Meet Michigan Medicine: Supply Chain Services

June 26, 2019  //  FOUND IN: Our Employees,

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Everywhere. That’s where you’ll find evidence of Supply Chain Services. That’s because the work of this department is essential to almost every aspect of patient care at Michigan Medicine.

To put it simply, said Kristine Komives, director of operations for Supply Chain, “we make sure what you need to provide high quality care is where you need it to be, when you need it to be there.”

Supply Chain Services ensures that medical and surgical supplies, services and equipment are at the ready in all areas where patient care is delivered. They support the entire clinical enterprise. From product evaluation, contract development, purchasing, electronic transacting and inventory management to transporting and organizing items for use, Supply Chain does it all.

Here’s what you may not know about Supply Chain Services, a team of nearly 180 staff members dedicated to helping Michigan Medicine provide excellent patient care.

One-stop shopping

Supply Chain Services has implemented a number of changes in the last two years to consolidate operations and create one place people can go to meet their needs more efficiently. Some of the legacy Materiel Services functions, for instance, have been absorbed by the department, and all functions for securing and distributing medical supplies now fall under Supply Chain Services

“We are your partners from start to finish,” said Janet Abbruzzese, director of Supply Chain Strategy and Procurement. “We help facilitate decisions in partnership with clinicians on which products are safe and clinically effective. We manage supplier relations, ensure that products get where they’re supposed to be and maintain the systems and processes that hold that all together.”

“Our core strategy,” she said, “is to focus on safe and reliable care while improving price, utilization and standardization opportunities to sustain the clinical enterprise.”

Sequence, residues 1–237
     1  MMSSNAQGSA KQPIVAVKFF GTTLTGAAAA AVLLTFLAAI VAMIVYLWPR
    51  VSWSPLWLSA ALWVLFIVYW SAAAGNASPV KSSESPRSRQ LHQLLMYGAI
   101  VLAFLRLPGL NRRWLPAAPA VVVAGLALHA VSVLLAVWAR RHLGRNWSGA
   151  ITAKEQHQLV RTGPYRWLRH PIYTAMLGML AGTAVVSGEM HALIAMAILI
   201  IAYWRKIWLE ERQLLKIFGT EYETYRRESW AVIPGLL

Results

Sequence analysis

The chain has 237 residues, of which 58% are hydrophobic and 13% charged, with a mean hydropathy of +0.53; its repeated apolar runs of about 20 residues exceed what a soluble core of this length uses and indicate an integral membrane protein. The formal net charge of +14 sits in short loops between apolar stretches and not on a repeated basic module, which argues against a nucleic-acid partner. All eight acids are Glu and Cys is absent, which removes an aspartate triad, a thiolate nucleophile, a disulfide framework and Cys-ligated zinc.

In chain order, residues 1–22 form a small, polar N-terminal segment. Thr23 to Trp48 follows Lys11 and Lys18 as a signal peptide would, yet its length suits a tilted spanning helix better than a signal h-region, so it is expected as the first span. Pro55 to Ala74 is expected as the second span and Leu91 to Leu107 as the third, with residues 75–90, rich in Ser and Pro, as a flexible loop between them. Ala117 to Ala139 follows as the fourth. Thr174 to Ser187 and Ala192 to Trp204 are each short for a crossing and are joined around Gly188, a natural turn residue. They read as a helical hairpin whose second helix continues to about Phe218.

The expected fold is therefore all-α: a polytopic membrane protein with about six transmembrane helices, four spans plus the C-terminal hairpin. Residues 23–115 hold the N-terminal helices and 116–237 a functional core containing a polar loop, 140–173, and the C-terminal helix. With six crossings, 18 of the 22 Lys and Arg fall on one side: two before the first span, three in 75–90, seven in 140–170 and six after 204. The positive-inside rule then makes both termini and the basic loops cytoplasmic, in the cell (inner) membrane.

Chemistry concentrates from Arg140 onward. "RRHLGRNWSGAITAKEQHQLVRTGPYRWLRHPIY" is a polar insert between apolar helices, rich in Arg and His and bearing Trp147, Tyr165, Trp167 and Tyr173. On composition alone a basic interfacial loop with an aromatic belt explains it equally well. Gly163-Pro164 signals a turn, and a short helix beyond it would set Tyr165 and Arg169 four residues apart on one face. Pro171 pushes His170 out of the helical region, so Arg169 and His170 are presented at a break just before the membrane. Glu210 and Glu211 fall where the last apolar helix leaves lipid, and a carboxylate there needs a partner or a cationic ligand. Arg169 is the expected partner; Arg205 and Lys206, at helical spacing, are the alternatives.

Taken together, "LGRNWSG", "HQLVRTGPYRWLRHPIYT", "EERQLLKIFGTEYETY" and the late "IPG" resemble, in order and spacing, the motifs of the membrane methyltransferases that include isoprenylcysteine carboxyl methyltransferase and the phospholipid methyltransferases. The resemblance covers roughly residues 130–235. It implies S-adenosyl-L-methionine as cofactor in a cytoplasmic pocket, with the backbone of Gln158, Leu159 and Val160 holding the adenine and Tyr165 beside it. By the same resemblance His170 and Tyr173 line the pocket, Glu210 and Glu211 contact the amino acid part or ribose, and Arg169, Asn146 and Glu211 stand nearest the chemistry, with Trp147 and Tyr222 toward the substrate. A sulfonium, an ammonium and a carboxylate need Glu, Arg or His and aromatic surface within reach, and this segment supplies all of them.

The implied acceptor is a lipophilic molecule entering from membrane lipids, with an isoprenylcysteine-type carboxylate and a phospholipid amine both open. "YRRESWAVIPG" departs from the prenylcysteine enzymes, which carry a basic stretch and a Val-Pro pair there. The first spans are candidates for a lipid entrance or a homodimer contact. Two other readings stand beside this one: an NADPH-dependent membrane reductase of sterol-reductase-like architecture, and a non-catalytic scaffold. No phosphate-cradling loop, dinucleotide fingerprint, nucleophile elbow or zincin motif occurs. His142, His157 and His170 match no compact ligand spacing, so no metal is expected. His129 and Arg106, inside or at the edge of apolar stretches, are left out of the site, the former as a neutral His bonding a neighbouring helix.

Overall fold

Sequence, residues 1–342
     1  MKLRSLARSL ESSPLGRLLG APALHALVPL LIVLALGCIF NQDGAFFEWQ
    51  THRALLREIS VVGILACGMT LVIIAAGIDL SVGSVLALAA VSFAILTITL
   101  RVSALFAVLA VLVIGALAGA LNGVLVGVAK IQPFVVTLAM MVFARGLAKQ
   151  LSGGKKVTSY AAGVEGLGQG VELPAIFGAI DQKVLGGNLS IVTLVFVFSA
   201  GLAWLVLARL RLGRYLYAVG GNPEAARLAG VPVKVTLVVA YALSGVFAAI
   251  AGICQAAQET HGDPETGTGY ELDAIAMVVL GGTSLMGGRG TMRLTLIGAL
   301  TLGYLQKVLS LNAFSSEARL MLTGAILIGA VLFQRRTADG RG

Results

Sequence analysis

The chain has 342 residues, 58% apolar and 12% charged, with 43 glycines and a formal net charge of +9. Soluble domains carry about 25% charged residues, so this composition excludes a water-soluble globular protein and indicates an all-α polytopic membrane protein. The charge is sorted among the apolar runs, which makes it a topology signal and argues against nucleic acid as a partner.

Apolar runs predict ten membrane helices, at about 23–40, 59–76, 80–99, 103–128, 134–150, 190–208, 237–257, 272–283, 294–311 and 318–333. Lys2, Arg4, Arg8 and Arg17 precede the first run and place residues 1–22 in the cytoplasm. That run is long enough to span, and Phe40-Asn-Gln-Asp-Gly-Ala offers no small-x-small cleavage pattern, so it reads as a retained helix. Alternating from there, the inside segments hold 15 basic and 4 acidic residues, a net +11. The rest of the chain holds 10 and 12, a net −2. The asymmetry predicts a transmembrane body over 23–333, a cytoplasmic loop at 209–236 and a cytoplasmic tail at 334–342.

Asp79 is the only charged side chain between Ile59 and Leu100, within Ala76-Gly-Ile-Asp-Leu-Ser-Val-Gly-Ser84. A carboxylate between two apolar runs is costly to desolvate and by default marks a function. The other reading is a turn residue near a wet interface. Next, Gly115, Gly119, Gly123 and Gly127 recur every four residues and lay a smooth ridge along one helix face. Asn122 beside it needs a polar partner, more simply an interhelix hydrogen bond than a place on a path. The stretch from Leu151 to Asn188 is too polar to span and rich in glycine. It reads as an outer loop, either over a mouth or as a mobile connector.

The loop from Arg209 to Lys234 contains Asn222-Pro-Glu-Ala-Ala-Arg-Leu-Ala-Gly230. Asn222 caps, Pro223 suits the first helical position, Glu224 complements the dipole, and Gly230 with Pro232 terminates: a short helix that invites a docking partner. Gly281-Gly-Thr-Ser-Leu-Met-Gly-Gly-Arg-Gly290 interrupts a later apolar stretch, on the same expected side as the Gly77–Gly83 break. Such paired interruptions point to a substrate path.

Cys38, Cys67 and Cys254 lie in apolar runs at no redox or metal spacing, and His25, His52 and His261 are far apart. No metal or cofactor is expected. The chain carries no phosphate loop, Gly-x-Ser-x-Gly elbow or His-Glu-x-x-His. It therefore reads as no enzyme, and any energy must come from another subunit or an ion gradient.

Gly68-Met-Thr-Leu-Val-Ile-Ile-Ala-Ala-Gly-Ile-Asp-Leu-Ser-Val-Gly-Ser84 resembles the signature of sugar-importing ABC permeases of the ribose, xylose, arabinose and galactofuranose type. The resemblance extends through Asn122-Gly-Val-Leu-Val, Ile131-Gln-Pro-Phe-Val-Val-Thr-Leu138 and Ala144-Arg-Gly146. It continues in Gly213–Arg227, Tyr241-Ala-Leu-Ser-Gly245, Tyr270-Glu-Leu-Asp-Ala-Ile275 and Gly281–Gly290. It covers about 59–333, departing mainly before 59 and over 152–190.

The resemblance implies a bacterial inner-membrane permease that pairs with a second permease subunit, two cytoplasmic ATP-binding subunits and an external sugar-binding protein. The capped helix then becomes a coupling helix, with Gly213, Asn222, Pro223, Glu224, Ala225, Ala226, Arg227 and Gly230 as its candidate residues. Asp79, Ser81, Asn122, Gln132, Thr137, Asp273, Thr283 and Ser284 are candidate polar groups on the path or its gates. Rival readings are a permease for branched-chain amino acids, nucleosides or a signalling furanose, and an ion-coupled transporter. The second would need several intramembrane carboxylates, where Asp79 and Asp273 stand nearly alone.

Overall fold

A new Supply Chain Services website provides a wealth of information about the department. Details about all of the service areas and the support they provide can be found on the site, along with a number of valuable resources for customers.

Service areas defined

The department is comprised of six different service areas. They are:

  • Value Analysis: This is the front door to Supply Chain. It’s where products are evaluated for use in the clinical setting and recommendations are made about what is and is not appropriate for each intended application.
  • Contracts and Procurement: Once analysis has taken place, this team works to connect the supplier of the product with front line leaders across areas. In addition to contracting for supplies, the Contracts and Procurement team can provide assistance with the competitive bidding process, risk management and strategic sourcing where needed.
  • Transactional Purchasing: This group buys medical/surgical supplies for all customers, including inpatient units and ambulatory care clinics. They also maintain the supply of goods in the warehouse and purchase supplies as needed to ensure that inventory is always available.
  • Par Management: This is the service group that forecasts future needs and oversees inventory planning for medical/surgical devices. They are also responsible for setting up equipment and supplies where they will be used within the patient environment.
  • Supply Chain Solutions: Technology and process experts on this team make sure the best processes are in place. They support the software and technology used on a daily basis to keep everything moving smoothly.
  • Warehouse Operations: This team manages the chain of custody for products and is responsible for getting supplies from the warehouse dock to end locations for consumption.

Valuable partners in providing high quality care

Representatives from the operations and solutions teams and a continuous improvement specialist from the Quality Department meet on a weekly basis to communicate needs and troubleshoot issues. Their goal is to enable the execution of strategic initiatives and find ways to improve the flow of products throughout the health system.

“Members of this team bring insight from their respective areas to make sure all participants are operating effectively together,” said Komives. “This makes it possible for everyone else on the Supply Chain team to be successful in the important work they are doing. The end result is customers receiving quality products in a timely and reliable way.”

In the end, the goal of the department is to standardize programs, functions and processes to meet needs across the organization. A great deal of work has been done over the last two years to enhance operations, and Supply Chain is dedicated to continuing that improvement.

“We will always strive to get better at what we do and how we do it,” said Abbruzzese. “We are here to serve as a partner to all areas in providing high quality and highly reliable care; that means working to continually improve our service to each department and ultimately, to all patients cared for at Michigan Medicine.”

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